Background: Neutralization of proinflammatory cytokines is an established strategy in the
treatment of inflammatory bowel disease (IBD). Systemic anti-TNFα antibodies have been used in the
clinics for several years, while anti-IL-17/IL-23 antibodies have been less successful so far. We report
the development of safe lactic acid bacterium Lb. salivarius with the ability to simultaneously bind
IL-17A, IL-23 and TNFα that could be administered orally for the treatment of IBD.
Method: Three different cytokine-binding non-Ig scaffolds (anti-IL-17A fynomer, anti-IL-23-binding
adnectin and anti-TNFα-binding affibody) were cloned and expressed in L. lactis in fusion with lysine
motif (LysM)-containing surface anchor. Fusion proteins were used for coating of Lb. salivarius. Cytokine-
binding ability of bacterial cells was assayed with ELISA. Gastric stability was tested by incubation
in simulated gastric juice.
Results: Surface display and functionality of cytokine binding proteins in L. lactis was confirmed by
the ability to remove the individual cytokines from the solution. Binding was efficient with different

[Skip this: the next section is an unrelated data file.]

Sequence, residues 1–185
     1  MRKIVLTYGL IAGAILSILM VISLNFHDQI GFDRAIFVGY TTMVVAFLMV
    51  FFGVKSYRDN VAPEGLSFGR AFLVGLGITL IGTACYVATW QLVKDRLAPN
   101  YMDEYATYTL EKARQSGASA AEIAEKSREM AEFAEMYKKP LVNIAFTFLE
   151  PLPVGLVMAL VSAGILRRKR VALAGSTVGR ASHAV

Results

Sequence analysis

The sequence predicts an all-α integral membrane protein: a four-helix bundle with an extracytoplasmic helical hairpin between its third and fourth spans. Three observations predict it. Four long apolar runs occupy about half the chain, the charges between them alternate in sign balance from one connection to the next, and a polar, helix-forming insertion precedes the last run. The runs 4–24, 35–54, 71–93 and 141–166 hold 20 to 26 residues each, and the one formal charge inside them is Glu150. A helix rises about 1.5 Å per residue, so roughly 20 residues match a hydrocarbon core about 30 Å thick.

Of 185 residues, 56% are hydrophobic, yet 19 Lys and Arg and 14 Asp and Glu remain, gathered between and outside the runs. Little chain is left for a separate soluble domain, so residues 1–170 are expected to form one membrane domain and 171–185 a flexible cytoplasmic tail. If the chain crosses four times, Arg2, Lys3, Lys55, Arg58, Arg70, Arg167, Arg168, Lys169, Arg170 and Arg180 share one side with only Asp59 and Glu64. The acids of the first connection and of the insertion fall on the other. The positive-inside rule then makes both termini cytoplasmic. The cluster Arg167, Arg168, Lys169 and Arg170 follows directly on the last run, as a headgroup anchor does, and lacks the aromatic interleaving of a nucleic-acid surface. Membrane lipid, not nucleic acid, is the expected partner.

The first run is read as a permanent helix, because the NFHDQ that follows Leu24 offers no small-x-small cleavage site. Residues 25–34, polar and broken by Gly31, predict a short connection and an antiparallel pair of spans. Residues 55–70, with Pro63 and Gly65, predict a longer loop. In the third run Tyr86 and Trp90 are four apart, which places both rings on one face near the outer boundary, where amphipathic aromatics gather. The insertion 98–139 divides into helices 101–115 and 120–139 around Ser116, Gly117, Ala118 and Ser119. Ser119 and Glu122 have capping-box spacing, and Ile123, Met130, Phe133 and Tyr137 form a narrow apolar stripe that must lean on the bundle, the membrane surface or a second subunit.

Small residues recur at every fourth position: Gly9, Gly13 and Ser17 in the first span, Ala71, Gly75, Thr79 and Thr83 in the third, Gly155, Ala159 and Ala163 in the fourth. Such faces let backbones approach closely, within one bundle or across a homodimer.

concentrations of cells, different cytokine concentrations and after the incubation in simulated gastric
juice. The fusion protein-containing growth media of L. lactis were used for coating of Lb. salivarius in
a fast and straightforward manner. Cytokine-binder-coated Lb. salivarius was able to retain individual
binders or mixtures of all three binders on its surface, and also provided limited protection from proteolytic
and low pH degradation. Cytokine binding capacity of mixture-coated Lb. salivarius was similar
to that achieved by coating with individual binders.
Conclusion: Simultaneous binding of IL-17A, IL-23 and TNFα with engineered bacteria was achieved
for the first time. Oral administration of such bacteria could exert synergistic effect and thus represents
an alternative strategy in the treatment of IBD.